I was checking my e-mail and drinking a cup of coffee at home this morning and guess who dropped by to leave some samples? Aldo and Franco Conterno. I am sure you know, but Aldo is one of the masters of Barolo at his winery, Aldo Conterno. He had gone to a friend’s birthday last night that was near me in Tuscany, and he decided to drop the samples off at the last minute.
Anyway, we all had a coffee in my kitchen and spoke about a few things. Aldo said that the harvest looks excellent so far. Although Barolo had some drought problems at the beginning of the summer, there have been a few rains since and it is looking very good. “The leaves of the vine look fresh and green,” said his son Franco, who added that they were about 10 days ahead of normal. They thought they would start picking Dolcetto at the end of August, and the Nebbiolo near the end of September.
“It’s just about normal when you think about it," Aldo said – at least normal for the recent top vintages. They didn’t think it was anything like 2003, even though some press reports had said so. The heat this year has been nothing like 2003.
Aldo said that they had a hailstorm on July 27 in the middle of Bussia area of Barolo, near the town of Monforte. It hammered their Romarisco vineyard, which is the heart of their great Barolo blend called Gran Bussia. “We probably lost 50 percent of the grapes, but what is left is excellent,” explained Aldo. “The bunches are small and beautiful.”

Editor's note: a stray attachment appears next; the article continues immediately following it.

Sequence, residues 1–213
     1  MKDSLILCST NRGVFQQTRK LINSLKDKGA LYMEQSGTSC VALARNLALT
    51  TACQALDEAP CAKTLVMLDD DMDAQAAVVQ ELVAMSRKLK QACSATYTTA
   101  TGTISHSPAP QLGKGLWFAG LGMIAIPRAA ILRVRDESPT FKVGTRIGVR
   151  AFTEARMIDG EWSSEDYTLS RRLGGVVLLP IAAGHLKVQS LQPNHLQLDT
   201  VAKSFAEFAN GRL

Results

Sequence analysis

Hail seems to be a common problem in Bussia. Aldo reminded me that they wouldn’t be making any Cicala, one of their single vineyard Barolos, from 2004 because of hail. That’s a shame because the 2004 looks to be an excellent year.
Anyway, fingers are crossed for an excellent 2007. “The grapes really do look beautiful,” said Aldo. "But a lot can still happen in the next weeks. My father used to say that the grapes are only really beautiful when you have picked them and they are in the crusher.”
I thought I would add a tasting note of a 1997 Barolo I drank a couple of nights ago at home. It wasn’t Aldo’s, but it was from his friends up the road, the Massolino family.
1997 Massolino Barolo Parafada: The wine was closed at first, but after decanting it showed beautiful aromas of crushed berries and flowers, almost roses. It was full-bodied, with velvety tannins and a long, luscious finish. So fresh and youthful still. You can easily enjoy it now and hold it for years to come. 93 points, non-blind.
Daniel Grotto — August 21, 2007 1:22pm ET
Totv — La Quinta, CA — August 21, 2007 1:24pm ET
Geronimo Dotel — dominicanrepublic — August 21, 2007 6:18pm ET
Karl Mark — Geneva, IL. — August 21, 2007 10:30pm ET
James Suckling — — August 22, 2007 3:29am ET
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